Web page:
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Reviewed by: Cheryl LaGuardia, Research Librarian, Widener Library, Harvard University
Masculinities and Social Change (MCS) is an open access journal published by Hipatia Press. Its content provides “research outcomes with significant contributions to masculinities and their influence on social transformations” from a variety of disciplines and methodological approaches, as well as research carried out by interdisciplinary research teams. The editors note the journal “emerges from the lack of journals about masculinities in Spain and Latin America which are indexed into international Social Sciences databases.” It is a multilingual journal, publishing material in English, Spanish, Catalan, Euskera and Galician, and is currently indexed in SCOPUS. The journal’s advisory board is international in composition, with members from Europe, Asia, North America, South America, Africa, and Oceania.
Each issue of MCS offers scholarly articles and reviews; a recent Special Issue on “Fatherhood and Care in Latin America: Absences, Presences and Transformations,” also included an editorial introducing the issue. The most recent issue, Volume 5, number 3, 2016, includes the articles, “The Tricky ’True Object’: Bourdieu’s Masculine Domination and Historicity,” “Mobile Masculinities: An Investigation of Networked Masculinities in Gay Dating Apps,” “The Five Stages of Masculinity: A New Model for Understanding Masculinities,” and “Paternity and Parental Leave in Latin America and the Caribbean. Essential Tools to Promote Greater Participation of Fathers in the Care of Children.” The first three of these articles have abstracts in both English and Spanish, while the full text is in English; the last articles also has abstracts in both English and Spanish, while the full text is in Spanish. The issue also contains two reviews, of : “Men, Masculinities and Teaching in Early Childhood Education” and “Masculinity and the New Imperialism: Rewriting Manhood in British Popular Literature, 1870-1914.” Although the titles are listed in English on the table of contents, the text of both these reviews is in Spanish. In the recent special issue on “Fatherhood and Care in Latin America: Absences, Presences and Transformations,” the editorial, articles, and reviews are all in Spanish. An examination of earlier past issues reveals that articles are often in English, while book reviews are in Spanish.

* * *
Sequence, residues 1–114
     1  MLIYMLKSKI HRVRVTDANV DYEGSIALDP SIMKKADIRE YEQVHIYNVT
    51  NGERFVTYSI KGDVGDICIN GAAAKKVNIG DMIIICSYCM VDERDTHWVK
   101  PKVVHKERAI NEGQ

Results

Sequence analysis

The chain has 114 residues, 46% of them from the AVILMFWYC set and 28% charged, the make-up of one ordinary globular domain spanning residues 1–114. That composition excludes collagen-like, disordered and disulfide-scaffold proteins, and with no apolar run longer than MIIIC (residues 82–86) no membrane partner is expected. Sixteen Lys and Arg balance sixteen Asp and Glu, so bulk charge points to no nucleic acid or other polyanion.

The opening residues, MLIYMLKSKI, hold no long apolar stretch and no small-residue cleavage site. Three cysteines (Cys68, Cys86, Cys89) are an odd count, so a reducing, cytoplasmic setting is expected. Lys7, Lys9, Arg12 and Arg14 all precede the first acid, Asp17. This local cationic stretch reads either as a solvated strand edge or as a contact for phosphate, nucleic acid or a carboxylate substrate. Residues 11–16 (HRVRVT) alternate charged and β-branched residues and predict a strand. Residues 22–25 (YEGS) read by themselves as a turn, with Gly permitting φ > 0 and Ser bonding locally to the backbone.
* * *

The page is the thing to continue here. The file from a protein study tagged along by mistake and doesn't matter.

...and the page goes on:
The quality of both research and writing in MCS is excellent, as is the subject coverage. MCS authors are experts in the field, and the level of discourse throughout is scholarly and well-documented.
MCS is an essential journal for libraries supporting research in gender studies in Spain and Latin America, as well as for comprehensive collections in gender studies.